• Biological differences: People with bipolar disorder appear to have physical changes in their brains. The significance of these changes is still uncertain but may eventually help pinpoint causes.
  • Genetics: Bipolar disorder is more common in people who have a first-degree relative, such as a sibling or parent, with the condition. Researchers are trying to find genes that may be involved in causing bipolar disorder.

Risk factors

Factors that may increase the risk of developing bipolar disorder or act as a trigger for the first episode include:

  • Having a first-degree relative, such as a parent or sibling, with bipolar disorder
  • Periods of high stress, such as the death of a loved one or other traumatic event
  • Drug or alcohol abuse


Left untreated, bipolar disorder can result in serious problems that affect every area of your life, such as:

  • Problems related to drug and alcohol use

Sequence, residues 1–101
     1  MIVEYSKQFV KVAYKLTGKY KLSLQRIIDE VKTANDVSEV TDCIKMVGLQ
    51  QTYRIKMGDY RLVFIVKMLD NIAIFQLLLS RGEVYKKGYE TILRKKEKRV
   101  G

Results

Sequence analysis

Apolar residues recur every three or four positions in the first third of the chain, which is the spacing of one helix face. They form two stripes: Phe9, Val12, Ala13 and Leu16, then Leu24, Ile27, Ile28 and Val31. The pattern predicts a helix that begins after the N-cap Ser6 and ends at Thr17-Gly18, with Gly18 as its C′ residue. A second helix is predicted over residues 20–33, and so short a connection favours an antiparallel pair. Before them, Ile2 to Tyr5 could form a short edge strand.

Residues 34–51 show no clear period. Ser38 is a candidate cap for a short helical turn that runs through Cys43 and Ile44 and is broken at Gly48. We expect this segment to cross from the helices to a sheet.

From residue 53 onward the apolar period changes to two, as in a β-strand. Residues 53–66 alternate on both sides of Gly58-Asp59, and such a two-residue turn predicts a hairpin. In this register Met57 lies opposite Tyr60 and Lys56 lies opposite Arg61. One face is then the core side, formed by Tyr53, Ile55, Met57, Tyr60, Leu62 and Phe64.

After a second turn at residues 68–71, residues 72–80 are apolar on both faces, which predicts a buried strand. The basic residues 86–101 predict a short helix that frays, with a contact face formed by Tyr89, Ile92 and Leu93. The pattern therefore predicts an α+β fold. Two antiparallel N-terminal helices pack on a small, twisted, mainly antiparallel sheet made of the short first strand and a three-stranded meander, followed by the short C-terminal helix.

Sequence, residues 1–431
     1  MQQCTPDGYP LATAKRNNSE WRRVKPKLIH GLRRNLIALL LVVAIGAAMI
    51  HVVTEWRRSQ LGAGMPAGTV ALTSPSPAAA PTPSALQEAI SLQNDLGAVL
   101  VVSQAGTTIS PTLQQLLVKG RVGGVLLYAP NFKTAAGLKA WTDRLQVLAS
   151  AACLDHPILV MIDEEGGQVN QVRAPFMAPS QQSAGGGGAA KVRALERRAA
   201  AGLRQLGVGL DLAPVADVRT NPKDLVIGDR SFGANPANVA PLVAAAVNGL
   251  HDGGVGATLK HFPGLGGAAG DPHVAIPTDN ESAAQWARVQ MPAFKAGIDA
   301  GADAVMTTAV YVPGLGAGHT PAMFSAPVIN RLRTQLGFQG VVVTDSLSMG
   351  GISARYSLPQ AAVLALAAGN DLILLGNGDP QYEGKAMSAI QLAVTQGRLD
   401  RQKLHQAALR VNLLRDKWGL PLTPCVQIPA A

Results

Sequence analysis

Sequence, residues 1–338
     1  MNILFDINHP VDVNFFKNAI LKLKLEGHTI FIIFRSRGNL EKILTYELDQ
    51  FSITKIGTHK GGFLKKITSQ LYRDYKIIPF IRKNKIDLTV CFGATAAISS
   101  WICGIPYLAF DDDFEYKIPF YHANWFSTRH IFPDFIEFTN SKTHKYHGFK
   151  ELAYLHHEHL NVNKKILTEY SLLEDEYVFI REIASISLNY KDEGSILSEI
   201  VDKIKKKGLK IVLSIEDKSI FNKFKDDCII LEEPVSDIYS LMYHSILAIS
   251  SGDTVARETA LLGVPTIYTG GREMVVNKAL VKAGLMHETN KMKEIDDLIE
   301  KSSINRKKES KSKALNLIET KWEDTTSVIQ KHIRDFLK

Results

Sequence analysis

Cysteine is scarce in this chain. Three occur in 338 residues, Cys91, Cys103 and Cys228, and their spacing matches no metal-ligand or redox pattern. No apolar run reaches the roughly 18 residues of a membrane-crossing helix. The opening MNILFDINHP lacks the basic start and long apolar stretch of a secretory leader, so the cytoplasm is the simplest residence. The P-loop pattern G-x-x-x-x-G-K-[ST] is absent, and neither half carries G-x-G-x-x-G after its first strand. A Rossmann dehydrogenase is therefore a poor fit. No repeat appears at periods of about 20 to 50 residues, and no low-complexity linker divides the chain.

• Suicide or suicide attempts
  • Legal or financial problems
  • Damaged relationships
  • Poor work or school performance


There’s no sure way to prevent bipolar disorder. However, getting treatment at the earliest sign of a mental health disorder can help prevent bipolar disorder or other mental health conditions from worsening.

If you’ve been diagnosed with bipolar disorder, some strategies can help prevent minor symptoms from becoming full-blown episodes of mania or depression:

  • Pay attention to warning signs: Addressing symptoms early on can prevent episodes from getting worse. You may have identified a pattern to your bipolar episodes and what triggers them. Call your doctor if you feel you’re falling into an episode of depression or mania. Involve family members or friends in watching for warning signs.
  • Avoid drugs and alcohol: Using alcohol or recreational drugs can worsen your symptoms and make them more likely to come back.
  • Take your medications exactly as directed: You may be tempted to stop treatment — but don’t. Stopping your medication or reducing your dose on your own may cause withdrawal effects or your symptoms may worsen or return.